How Does the Economy Drive Market Trends?
Market prices, whether stocks, commodities, or currencies, are based on supply and demand, and are driven by expectations of future prices. Traders going long hope to profit from prices climbing, while traders going short hope to benefit from prices falling in the future. Economic trends play a major role in shaping expectations which then tend to be reflected in market price trends.
Commodities in many ways are the market most closely tied to economic conditions. During prosperous times demand for goods and services increases, increasing demand not only for physical goods but also for energy as people drive more for work, transport more goods, travel and also consume more electric power. When economic activity decreases on the other hand, as in a recession, demand for resources tends to decline.
The commodity that is generally regarded as most sensitive to economic conditions is copper because it has so many applications. Crude oil also tends to rise and fall with the economy, but also carries within it a premium for the risk of supply disruptions that that rise and fall depending on political tensions in producing regions such as the Middle East and Africa. Longer-term economic trends have some impact on agricultural pricing as diets change as economies develop. Shorter-term trading in grains, however, tends to be impacted more by weather conditions.
Interest in stocks also rises and falls with the economy. Stock prices are driven by expectations of future earnings and dividends, and because of this broad market indices tend to reflect expectations for the economy and business conditions six to nine months in the future. Stocks can also be grouped into industries that respond differently to changing economic conditions.
1) Interest Sensitive – Financials, Utilities, Telecommunications
Interest costs are a major component of these industries? expenses. Because of this they tend to outperform the broad market when interest rates decline and tend to underperform when rates rise. As central banks use interest rates to manage the economy the performance of these groups tends to lead the economic cycle.
Defensives (Consumer Staples and Health Care)
These are products and services that people use every day regardless of economic conditions. Because of this, they tend to grow at a slower pace during expansions but fall off less during recessions. These sectors tend to outperform during times of economic stress and financial turmoil and underperform in the good times.
3) Economic Sensitive (Industrials and Consumer Discretionary, includes Transportation, Communications and Merchandising)
These areas tend to see their fortune rise and fall along with the broad economy and their trends tend to move in tandem with economic expectations.
4) Capital Spending Sensitive / Late Stage (Technology, Energy, Materials)
Growth for companies in these sectors tends to be impacted by larger scale projects that can take several months or years to complete. In recessions, companies tend to hold off on approving new capital spending until signs of an economic turnaround are more visible. Following peaks, companies tend to complete projects they have committed to before cutting their budgets. Because of this, these groups tend to lag a bit behind the economic cycle.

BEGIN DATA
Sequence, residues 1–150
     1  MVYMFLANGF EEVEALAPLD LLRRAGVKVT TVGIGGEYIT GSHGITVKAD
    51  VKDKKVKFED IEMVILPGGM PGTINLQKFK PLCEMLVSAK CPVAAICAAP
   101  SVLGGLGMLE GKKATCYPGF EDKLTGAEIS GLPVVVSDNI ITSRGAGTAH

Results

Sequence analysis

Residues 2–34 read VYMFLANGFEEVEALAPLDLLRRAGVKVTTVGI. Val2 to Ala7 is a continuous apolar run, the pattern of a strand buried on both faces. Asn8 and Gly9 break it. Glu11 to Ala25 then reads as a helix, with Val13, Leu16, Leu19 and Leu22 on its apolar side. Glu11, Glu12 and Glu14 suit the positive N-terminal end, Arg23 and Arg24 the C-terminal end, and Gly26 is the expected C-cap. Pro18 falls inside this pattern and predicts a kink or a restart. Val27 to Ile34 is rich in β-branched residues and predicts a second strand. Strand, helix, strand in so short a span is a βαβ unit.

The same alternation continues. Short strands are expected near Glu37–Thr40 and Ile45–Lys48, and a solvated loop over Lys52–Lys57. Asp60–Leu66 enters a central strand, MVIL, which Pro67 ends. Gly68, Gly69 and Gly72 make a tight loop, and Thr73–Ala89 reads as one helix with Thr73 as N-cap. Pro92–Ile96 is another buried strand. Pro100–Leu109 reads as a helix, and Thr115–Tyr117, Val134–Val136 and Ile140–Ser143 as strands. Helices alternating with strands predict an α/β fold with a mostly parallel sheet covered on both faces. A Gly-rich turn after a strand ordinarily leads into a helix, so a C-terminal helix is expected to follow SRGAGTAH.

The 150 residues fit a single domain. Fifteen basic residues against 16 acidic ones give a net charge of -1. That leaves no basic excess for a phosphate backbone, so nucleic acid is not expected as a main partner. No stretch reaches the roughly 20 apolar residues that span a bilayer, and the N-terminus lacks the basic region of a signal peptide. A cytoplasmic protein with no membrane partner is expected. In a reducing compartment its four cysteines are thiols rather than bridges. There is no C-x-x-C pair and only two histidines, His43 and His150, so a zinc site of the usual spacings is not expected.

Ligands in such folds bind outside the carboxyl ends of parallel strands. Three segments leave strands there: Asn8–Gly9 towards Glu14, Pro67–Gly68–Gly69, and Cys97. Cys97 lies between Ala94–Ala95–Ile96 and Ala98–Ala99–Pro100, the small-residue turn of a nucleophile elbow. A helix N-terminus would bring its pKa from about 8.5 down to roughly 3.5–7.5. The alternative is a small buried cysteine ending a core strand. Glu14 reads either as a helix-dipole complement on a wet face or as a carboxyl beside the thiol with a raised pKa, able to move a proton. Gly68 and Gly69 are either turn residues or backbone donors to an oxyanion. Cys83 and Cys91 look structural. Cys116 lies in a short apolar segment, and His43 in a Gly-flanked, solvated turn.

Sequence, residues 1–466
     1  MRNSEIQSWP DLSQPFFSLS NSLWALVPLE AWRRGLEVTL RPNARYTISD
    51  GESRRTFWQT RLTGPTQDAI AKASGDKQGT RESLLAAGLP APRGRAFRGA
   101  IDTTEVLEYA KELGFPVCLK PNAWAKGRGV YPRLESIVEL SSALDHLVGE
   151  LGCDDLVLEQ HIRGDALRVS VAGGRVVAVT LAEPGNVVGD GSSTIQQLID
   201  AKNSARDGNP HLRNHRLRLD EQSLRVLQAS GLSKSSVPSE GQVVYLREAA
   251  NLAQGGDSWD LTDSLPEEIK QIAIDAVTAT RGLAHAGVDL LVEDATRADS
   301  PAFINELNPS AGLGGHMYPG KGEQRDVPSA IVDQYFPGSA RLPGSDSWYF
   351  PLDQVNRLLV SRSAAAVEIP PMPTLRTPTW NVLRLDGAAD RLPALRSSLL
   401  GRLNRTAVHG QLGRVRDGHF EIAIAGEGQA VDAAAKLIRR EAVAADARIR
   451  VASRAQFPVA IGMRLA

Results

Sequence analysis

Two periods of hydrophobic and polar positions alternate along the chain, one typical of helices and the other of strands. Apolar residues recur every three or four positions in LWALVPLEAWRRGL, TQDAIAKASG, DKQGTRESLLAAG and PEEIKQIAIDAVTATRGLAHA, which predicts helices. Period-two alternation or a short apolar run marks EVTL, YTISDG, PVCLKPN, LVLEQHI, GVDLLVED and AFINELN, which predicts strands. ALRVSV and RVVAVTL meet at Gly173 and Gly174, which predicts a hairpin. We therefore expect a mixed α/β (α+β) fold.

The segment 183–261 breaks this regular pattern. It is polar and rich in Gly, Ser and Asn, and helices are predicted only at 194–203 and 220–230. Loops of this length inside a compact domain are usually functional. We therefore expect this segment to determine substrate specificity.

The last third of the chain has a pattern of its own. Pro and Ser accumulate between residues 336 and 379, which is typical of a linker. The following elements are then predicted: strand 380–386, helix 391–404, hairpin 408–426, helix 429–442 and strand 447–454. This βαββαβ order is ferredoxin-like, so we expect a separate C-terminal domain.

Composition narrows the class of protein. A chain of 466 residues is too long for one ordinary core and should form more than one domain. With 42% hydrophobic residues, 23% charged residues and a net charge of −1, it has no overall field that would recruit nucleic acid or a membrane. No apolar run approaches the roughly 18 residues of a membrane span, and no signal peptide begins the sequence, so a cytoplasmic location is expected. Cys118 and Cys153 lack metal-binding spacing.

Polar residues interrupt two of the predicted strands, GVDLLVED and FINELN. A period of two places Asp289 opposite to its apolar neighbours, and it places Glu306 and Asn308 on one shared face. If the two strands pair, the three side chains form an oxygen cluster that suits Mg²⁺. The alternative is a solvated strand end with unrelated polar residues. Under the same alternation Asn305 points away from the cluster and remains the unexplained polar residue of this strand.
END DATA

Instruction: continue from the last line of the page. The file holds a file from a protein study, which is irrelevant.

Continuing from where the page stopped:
The peak of the last cycle provides a good example of this, as Financials in the US topped out in March of 2007, the S&P 500 peaked in October 2007 and the Energy sector didn?t peak until the summer of 2008.
The structure of each country?s economy and the weighting of industries within it can also impact index performance. US and Canadian indices, for example, do not always move in tandem. While both countries have large financial sectors, US indices also tend to be heavily weighted in Technology and Consumer Discretionary, while Canadian indices are more slanted toward Energy and Materials.
Currencies and Treasuries
Trading in currency and government bond markets is more sensitive to developments affecting the economy as a whole and less influenced by individual companies and sectors. Generally speaking countries with stable growing economies tend to attract higher capital flows.
In treasury markets for example, the interest rate is the benchmark used to rate the stability of countries. Traders demand countries considered to be riskier (whether because of economic volatility, national debt load or other factors) to pay a higher interest rate in order to compensate them for taking on more risk. Bond prices move opposite to interest rates so a higher interest rate means a lower treasury price.
Generally speaking, currency traders tend to base their trading decisions on monetary policy and economic strength. Because inflation and stimulative monetary policies undermine the value of paper money, currencies where the economy is stronger, inflation is low, the financial system is stable and monetary policy has the potential to be stable or tightened tend to outperform.
Currencies are traded in pairs, which involves being long one currency and short another. This means that GBP may perform differently depending on what currency it is being traded against. It could be climbing against the Euro, for example, while falling against the USD.
Economic Indicators and Markets
Each day countries from around the world publish data that moves the markets to varying degrees. The more important indicators include Gross Domestic Product, Employment, Retail Sales, Industrial Production and Monetary Policy Decisions. These numbers provide ongoing insight into economic trends and changes which can create trading opportunities.